Even when I anticipate something like this happening, I'm never really prepared. I got a day and a half to settle in (one spent cleaning the bathroom) and then hit the ground like a greyhound after the tin rabbit. No time to adjust to the new schedule, new Office prayers, readings: everything familiar enough to be misleading, different enough to trip me up when I assume I know what's coming next. I find myself in a state of chronic dis-ease.

Long Retreat begins at the end of this week and everything here is in upheaval. The old convent, recently vacated by two Sisters who have moved to assisted living/nursing facilities is a mammoth glory hole. Not only deep cleaning, but tedious going through, sorting out, throwing away is required, since four of the city Sisters will be staying there. We've been at it since Monday (no Sabbath this week) and empty boxes and giant black garbage bags litter the hallways. It was a good month-long job crammed into five days. The small chapel, unused except for storage of garden tools for the past two years, has been opened up and is being cleaned out… another task requiring more time than we have.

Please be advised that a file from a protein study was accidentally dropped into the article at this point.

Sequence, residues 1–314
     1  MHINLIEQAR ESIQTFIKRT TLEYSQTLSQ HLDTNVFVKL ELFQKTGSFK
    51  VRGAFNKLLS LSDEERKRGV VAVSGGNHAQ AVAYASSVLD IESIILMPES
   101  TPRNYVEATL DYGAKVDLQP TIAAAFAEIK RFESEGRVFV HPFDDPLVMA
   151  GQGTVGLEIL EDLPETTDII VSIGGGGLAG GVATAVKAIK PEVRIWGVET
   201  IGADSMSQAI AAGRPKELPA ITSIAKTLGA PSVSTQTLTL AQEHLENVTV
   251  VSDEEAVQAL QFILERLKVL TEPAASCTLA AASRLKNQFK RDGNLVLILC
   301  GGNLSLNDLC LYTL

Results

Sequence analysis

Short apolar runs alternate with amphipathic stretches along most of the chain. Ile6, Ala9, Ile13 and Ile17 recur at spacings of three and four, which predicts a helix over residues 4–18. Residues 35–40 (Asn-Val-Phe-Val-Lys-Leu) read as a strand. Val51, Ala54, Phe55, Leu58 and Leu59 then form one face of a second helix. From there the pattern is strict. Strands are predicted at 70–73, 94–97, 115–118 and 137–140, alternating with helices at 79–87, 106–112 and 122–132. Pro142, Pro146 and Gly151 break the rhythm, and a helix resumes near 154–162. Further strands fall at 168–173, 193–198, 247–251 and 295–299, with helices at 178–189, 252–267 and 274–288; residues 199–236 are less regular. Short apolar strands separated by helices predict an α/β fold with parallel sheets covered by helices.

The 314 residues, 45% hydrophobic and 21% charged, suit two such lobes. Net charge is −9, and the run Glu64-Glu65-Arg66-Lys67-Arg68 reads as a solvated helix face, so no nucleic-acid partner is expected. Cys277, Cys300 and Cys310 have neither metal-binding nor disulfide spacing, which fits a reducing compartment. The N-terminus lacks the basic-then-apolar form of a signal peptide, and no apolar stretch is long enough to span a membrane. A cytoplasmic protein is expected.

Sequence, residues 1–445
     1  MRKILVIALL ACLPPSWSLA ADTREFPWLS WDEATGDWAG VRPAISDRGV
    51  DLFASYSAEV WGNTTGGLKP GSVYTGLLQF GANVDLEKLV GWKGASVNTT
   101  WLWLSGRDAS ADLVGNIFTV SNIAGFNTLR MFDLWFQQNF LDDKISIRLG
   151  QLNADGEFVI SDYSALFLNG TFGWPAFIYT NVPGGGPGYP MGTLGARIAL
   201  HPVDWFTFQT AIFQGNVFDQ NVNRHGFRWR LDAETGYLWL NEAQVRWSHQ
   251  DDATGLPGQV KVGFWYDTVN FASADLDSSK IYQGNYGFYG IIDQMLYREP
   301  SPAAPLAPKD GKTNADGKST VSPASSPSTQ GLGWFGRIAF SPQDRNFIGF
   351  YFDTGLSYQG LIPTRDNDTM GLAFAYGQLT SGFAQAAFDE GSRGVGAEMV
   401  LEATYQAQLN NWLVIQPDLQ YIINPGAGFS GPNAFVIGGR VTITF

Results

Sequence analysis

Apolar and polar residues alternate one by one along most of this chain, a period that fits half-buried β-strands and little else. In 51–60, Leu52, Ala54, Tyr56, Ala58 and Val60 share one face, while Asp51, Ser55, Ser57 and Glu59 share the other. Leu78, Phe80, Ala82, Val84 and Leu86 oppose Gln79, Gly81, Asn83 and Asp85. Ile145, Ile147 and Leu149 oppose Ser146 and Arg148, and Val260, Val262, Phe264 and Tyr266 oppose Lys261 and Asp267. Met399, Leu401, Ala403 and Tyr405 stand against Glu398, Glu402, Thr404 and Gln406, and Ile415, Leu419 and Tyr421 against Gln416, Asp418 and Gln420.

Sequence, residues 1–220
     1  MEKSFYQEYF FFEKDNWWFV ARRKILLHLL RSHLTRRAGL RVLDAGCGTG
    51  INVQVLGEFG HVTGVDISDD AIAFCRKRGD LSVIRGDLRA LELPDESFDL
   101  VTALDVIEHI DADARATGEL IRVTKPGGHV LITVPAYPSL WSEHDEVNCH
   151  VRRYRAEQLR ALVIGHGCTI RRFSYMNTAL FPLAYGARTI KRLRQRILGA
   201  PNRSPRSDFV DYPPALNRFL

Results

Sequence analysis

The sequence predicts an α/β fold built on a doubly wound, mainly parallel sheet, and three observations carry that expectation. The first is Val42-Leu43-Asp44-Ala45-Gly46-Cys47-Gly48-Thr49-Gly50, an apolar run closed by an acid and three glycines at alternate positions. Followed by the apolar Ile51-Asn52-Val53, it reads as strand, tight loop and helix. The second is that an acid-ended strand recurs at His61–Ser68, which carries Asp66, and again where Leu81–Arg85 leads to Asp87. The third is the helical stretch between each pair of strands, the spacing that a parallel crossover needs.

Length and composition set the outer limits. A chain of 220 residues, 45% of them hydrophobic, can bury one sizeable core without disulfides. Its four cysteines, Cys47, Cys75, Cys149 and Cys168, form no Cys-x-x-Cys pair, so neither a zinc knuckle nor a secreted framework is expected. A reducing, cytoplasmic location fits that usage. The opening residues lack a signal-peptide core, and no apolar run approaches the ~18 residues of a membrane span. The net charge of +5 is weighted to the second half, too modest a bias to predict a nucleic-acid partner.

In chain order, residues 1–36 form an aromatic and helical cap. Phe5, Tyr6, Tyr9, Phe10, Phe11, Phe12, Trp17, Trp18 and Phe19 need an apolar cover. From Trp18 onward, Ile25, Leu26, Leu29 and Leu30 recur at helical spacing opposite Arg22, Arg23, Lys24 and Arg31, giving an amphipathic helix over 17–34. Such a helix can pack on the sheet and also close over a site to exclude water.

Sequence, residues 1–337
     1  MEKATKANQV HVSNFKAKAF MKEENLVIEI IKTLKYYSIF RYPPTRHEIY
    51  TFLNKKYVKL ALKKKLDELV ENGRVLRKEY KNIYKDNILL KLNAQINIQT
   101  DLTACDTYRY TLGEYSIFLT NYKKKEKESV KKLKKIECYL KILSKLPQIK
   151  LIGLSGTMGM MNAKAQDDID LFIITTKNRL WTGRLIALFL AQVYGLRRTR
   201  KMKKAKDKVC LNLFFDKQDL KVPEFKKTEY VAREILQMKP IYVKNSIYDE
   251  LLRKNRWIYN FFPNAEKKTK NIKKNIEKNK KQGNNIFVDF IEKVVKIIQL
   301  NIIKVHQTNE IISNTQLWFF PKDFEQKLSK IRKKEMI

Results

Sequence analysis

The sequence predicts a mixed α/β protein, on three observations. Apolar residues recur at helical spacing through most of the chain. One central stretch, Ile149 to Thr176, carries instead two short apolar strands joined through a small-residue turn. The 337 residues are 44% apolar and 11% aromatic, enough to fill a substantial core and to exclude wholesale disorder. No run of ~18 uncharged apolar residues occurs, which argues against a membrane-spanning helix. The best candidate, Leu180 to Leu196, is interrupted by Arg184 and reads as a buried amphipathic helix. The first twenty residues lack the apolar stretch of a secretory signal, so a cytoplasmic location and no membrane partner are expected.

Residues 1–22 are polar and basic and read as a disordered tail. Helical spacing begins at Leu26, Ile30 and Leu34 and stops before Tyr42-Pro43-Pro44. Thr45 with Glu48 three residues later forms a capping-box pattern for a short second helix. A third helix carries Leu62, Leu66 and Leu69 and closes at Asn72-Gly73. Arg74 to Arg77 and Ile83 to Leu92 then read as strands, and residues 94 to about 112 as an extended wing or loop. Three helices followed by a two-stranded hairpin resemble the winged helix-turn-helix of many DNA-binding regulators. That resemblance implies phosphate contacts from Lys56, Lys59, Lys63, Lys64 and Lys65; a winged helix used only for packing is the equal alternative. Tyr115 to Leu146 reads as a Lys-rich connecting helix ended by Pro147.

As each day counts down the pressure mounts. We are too few battling the clutter and dirt on too many fronts. Everyone is already exhausted, but nobody is (as yet) cutting corners. One Sister struggles to make cheese. It is her thing. She wants fresh cheese for the Sisters to enjoy on Long Retreat. But every sink is full, every large pot in use. There's nothing to cook supper in, no place for anyone to wash a dish or their hands. Tension is thick, nerves are frayed and tempers flare up like fatwood. We end up stepping on each other's toes and stomping on each other's feelings. Another Sister arrives on the scene in the middle of my second meltdown of the morning. "What's wrong?" she asks sympathetically. I have no energy to go into it. "I's been a bad morning!" I growl. I don't want her sympathy, I want her to change her clothes and haul garbage. She doesn't even get the day and a half.

Sunday, August 14, 2005

Other People's Dirt